You’ve probably seen the story published by The Washington Post about the gay man who was allegedly denied a Sacrament by a priest because he was gay.
When I read the story, something didn’t smell right to me. The first thing that popped into my head though was a question. Is this news? Or is it propaganda disguised as news? I think it is the latter.
GetReligion has a fine stable of writers who, unlike many journalists, actually do “get” religion. Terry Mattingly does a great job sifting through this lopsided attempt to snare readers with an outrage inducing headline and lede.
Take a look,
The sad story of a priest, a partial-penitent and the press
At this point, it is no longer unusual to read a news story about an issue linked to homosexuality that yanks the pope’s famous “Who am I to judge?” quote out of context. Alas, this is now business as usual in the mainstream press. Click here for a refresher course — video and transcript — about what Pope Francis actually said.
So let’s move on.
Gentle readers, what is the key word that is missing from this opening passage from a recent Washington Post story? This ran under the headline, “Gay patient says Catholic chaplain refused him last rites.”
A Catholic chaplain at MedStar Washington Hospital Center stopped delivering a 63-year-old heart attack patient Communion prayers and last rites after the man said he was gay, the patient said Wednesday, describing a dramatic bedside scene starting with him citing Pope Francis and ending with him swearing at the cleric.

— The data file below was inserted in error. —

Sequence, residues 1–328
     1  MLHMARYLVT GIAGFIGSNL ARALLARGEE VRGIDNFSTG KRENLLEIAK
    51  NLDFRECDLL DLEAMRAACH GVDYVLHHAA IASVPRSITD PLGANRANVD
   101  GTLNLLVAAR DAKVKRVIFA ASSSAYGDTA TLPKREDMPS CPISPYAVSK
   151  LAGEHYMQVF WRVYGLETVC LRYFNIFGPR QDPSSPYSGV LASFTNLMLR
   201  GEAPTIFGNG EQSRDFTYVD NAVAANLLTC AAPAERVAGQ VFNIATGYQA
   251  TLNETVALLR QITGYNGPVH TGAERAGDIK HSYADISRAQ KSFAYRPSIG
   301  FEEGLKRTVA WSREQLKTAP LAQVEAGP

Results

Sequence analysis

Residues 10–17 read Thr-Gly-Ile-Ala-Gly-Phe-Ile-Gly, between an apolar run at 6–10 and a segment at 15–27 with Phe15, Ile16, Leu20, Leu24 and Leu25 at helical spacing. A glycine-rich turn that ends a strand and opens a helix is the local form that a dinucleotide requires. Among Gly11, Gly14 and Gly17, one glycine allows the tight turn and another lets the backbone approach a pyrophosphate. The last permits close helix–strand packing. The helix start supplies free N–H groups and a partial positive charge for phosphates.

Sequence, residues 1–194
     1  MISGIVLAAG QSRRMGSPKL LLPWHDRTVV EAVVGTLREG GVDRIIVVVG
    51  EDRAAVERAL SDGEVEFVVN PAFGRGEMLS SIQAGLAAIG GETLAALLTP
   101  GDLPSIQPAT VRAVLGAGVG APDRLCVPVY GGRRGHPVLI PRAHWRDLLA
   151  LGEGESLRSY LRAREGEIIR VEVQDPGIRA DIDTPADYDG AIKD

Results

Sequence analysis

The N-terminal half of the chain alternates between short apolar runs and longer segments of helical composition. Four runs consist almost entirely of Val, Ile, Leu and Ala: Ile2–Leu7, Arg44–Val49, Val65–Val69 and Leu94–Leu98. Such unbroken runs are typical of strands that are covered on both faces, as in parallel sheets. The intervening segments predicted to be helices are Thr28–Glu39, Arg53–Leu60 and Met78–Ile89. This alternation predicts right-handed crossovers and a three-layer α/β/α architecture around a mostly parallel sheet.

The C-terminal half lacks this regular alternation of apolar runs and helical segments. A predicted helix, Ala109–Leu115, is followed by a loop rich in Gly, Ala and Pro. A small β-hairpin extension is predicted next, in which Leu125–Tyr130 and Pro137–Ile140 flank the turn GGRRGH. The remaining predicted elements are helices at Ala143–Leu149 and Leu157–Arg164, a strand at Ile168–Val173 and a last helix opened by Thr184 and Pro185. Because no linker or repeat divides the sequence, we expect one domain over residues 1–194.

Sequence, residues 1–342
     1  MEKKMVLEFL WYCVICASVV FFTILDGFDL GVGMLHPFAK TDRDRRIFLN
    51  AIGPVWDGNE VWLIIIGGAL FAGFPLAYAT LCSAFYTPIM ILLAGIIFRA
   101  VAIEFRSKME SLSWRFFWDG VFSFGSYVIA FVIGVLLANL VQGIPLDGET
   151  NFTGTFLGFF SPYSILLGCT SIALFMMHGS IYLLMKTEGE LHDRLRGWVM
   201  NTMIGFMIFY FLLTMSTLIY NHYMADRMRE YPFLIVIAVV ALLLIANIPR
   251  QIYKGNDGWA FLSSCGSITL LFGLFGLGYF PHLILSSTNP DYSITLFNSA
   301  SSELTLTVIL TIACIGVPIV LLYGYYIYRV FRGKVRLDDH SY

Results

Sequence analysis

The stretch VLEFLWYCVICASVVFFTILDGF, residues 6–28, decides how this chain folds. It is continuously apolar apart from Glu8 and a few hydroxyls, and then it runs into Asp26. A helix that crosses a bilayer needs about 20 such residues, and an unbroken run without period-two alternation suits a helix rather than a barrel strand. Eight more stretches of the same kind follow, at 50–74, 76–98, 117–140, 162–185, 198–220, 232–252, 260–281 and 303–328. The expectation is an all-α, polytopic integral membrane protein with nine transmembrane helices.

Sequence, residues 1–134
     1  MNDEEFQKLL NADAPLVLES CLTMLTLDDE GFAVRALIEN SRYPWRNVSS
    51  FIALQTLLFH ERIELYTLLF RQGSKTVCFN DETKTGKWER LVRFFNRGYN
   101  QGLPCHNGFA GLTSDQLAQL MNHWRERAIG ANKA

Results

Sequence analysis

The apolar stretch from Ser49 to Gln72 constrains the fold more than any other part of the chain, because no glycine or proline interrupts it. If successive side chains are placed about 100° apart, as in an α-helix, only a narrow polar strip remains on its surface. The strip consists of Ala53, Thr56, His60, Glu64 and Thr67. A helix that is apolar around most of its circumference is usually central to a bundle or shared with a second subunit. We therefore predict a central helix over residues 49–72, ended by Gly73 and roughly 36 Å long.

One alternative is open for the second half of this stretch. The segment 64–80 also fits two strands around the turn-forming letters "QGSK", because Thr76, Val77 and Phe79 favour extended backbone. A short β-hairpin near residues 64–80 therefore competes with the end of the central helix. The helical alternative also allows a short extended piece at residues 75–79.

Details of the exchange this month between the Rev. Brian Coelho and retired travel agent Ronald Plishka couldn’t be confirmed with the priest, who did not respond to a direct e-mail or to requests left with the hospital and the archdiocese. The Archdiocese of Washington, for which he works, declined to comment and said Coelho “is not doing interviews.” The bedside discussion was first reported Monday in the Washington Blade.
The key word that is missing, of course, is “Confession.”
Read Mattingly’s whole piece, as he addresses a number of the questionable points raised by the Post’s reporter.
For folks who aren’t sure why Catholics believe that another fallible human being can give them absolution, remember that God often utilizes human beings as his agents.
“Peace be with you. As the Father has sent me, so I send you.” And when he had said this, he breathed on them and said to them, “Receive the holy Spirit. Whose sins you forgive are forgiven them, and whose sins you retain are retained.” (John 20:21-22)
Allow me to edit Mattingly’s final paragraph for clarity (my edits **).
“What happened was supposed to be between the priest, the penitent and God — with the press left out of the Sacrament. Journalists do not have to agree with the teachings of the Catholic Church, of course. However, it is *incumbent upon them to* know enough about *the teachings* to make a professional attempt to represent viewpoints on both sides with fairness and accuracy.”
That certainly did not happen in the Post story.